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Mars Comet Flyby

west comet

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Scientists at NASA’s Jet Propulsion Laboratory are preparing all of their equipment both orbiting and on Mars, to collect and observe data from what their calling a “once in a lifetime” viewing event of a never-seen-before comet passing about 87,000 miles from the surface.

Comet C/2013 A1, also called comet Siding Spring, will pass within about 87,000 miles (139,500 kilometers) by Mars on Oct. 19, at less than half the distance between Earth and our moon and less than one-tenth the distance of any known comet flyby of Earth.

Siding Spring’s nucleus will come closest to Mars around 2:27 p.m. EDT, hurtling at about 126,000 mph (56 kilometers per second). This proximity will provide an unprecedented opportunity for researchers to gather data on both the comet and its effect on the Martian atmosphere.

“This is a cosmic science gift that could potentially keep on giving, and the agency’s diverse science missions will be in full receive mode,” said John Grunsfeld, astronaut and associate administrator for NASA’s Science Mission Directorate in Washington DC. “This particular comet has never before entered the inner solar system, so it will provide a fresh source of clues to our solar system’s earliest days.”

NASA said the Siding Spring comet came from the Oort Cloud, a spherical region of space surrounding our sun and occupying space at a distance between 5,000 and 100,000 astronomical units. It is a giant swarm of icy objects thought to be material left over from the formation of our solar system 4.6 billion years ago.

Scientists hope to learn more about the materials, including water and carbon compounds, that existed during the solar system’s formation.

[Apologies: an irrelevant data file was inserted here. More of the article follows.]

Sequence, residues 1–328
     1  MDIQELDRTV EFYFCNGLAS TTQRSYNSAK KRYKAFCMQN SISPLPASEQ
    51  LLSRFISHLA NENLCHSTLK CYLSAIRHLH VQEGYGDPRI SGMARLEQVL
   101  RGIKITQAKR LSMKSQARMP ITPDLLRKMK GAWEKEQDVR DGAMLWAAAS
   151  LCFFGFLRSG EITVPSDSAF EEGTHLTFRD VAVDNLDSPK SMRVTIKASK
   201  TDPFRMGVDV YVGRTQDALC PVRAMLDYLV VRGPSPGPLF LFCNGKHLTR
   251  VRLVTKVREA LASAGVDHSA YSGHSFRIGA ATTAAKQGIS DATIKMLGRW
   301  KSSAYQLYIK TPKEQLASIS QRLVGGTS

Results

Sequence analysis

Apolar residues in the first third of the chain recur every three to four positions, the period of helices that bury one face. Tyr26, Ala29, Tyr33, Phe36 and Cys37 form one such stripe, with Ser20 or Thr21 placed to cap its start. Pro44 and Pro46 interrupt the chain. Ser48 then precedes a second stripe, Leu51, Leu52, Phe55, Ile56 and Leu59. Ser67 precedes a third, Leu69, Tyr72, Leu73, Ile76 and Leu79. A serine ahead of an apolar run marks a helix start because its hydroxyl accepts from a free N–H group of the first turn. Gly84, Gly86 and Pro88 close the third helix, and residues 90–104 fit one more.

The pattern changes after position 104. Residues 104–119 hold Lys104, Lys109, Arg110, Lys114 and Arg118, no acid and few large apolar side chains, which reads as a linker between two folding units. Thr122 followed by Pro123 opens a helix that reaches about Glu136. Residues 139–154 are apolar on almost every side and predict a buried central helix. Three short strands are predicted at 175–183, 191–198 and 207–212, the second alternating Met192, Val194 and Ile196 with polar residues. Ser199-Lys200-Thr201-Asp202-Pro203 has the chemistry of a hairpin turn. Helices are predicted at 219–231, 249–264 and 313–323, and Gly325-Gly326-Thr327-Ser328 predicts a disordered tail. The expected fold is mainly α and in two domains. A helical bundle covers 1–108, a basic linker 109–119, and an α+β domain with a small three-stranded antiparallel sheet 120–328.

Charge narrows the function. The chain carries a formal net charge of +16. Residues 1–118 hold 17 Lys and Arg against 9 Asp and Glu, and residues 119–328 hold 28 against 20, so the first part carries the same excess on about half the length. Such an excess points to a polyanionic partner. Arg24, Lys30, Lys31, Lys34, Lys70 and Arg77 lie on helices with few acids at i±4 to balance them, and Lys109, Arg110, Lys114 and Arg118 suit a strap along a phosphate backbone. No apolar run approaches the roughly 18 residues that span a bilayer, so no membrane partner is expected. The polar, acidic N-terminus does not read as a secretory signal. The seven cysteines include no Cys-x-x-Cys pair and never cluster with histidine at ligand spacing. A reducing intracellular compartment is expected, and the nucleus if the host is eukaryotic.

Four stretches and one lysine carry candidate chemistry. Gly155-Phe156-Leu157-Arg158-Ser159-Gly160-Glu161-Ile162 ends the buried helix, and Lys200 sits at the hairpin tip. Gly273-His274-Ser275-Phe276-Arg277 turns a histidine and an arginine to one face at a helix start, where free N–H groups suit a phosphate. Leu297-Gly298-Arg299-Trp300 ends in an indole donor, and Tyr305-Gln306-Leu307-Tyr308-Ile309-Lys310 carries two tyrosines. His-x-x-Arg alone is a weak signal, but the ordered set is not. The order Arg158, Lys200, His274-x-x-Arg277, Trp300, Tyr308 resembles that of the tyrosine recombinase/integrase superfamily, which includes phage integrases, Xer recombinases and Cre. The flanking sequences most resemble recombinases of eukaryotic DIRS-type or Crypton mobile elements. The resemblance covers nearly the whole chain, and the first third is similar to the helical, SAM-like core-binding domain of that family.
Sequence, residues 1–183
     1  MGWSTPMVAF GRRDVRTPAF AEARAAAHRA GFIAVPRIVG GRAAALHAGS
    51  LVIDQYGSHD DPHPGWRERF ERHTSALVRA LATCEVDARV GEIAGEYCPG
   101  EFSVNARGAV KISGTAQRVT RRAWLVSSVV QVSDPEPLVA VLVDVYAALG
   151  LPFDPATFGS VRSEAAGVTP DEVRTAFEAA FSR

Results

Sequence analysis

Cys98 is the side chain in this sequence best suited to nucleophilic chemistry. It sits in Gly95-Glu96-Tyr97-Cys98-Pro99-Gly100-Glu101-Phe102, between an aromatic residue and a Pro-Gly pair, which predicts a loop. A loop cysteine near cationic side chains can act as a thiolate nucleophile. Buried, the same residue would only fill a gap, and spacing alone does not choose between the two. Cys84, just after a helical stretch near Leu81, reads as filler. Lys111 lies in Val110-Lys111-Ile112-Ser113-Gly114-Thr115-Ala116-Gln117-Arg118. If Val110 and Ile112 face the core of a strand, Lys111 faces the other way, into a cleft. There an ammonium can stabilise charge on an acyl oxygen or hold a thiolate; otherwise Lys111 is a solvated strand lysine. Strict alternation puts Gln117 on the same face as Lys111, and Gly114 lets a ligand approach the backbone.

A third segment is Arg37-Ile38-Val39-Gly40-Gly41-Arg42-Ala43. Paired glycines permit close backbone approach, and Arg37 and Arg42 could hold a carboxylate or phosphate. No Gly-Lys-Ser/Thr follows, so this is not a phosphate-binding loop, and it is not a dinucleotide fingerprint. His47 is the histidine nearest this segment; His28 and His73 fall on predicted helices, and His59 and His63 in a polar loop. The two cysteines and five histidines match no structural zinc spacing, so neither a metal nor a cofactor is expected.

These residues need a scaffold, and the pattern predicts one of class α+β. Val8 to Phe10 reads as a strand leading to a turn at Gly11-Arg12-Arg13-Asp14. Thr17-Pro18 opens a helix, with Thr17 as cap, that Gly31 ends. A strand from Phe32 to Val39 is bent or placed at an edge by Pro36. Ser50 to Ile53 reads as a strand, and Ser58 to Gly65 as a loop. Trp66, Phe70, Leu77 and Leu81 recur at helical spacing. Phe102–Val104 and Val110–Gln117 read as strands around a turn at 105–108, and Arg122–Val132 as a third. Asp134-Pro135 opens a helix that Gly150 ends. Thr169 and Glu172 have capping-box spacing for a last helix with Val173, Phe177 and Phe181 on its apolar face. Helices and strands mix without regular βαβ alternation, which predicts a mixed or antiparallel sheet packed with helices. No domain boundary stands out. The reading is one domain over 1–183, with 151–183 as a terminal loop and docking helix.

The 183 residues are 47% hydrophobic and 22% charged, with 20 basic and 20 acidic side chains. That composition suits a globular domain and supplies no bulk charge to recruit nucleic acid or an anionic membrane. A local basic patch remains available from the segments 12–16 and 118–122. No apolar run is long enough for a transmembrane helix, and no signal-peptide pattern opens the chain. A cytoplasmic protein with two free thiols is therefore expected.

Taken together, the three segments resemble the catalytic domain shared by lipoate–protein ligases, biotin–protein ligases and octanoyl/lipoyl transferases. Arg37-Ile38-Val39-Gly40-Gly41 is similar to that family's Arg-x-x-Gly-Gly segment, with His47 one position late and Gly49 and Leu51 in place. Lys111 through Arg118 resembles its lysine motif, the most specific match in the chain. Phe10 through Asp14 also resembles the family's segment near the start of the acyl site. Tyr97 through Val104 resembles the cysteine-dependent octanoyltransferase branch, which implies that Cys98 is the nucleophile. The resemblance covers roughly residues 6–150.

NASA is repositioning their Mars orbiters, using the planet as a shield so that they are not damaged by the ice and dust cloud trailing Siding Spring.

“The hazard is not an impact of the comet nucleus itself, but the trail of debris coming from it. Using constraints provided by Earth-based observations, the modeling results indicate that the hazard is not as great as first anticipated. Mars will be right at the edge of the debris cloud, so it might encounter some of the particles — or it might not,” said Rich Zurek, chief scientist for the Mars Exploration Program at NASA’s Jet Propulsion Laboratory (JPL) in Pasadena, California.

The Mars orbiters will gather information before, during and after the comet flyby. Measuring the size, rotation and activity of the comet’s nucleus, the variability and gas composition of the coma around the nucleus, and the size and distribution of dust particles in the comet’s tail.

Scientists said that Mars’s thin atmosphere should protect the Mars rovers Opportunity and Curiosity from any comet dust that may reach the planet.

Both rovers are scheduled to make observations of the comet.

Earth-based and space telescopes, including the Hubble Space Telescope, and the agency’s astrophysics space observatories — Kepler, Swift, Spitzer, Chandra, along with the ground-based Infrared Telescope Facility on Mauna Kea, Hawaii — will also be tracking the event.

Scientists hope to learn more about how Siding Spring’s own atmosphere interacts with the upper atmosphere of Mars, as well as study the particlate dust left behind.



Mars Comet Flyby

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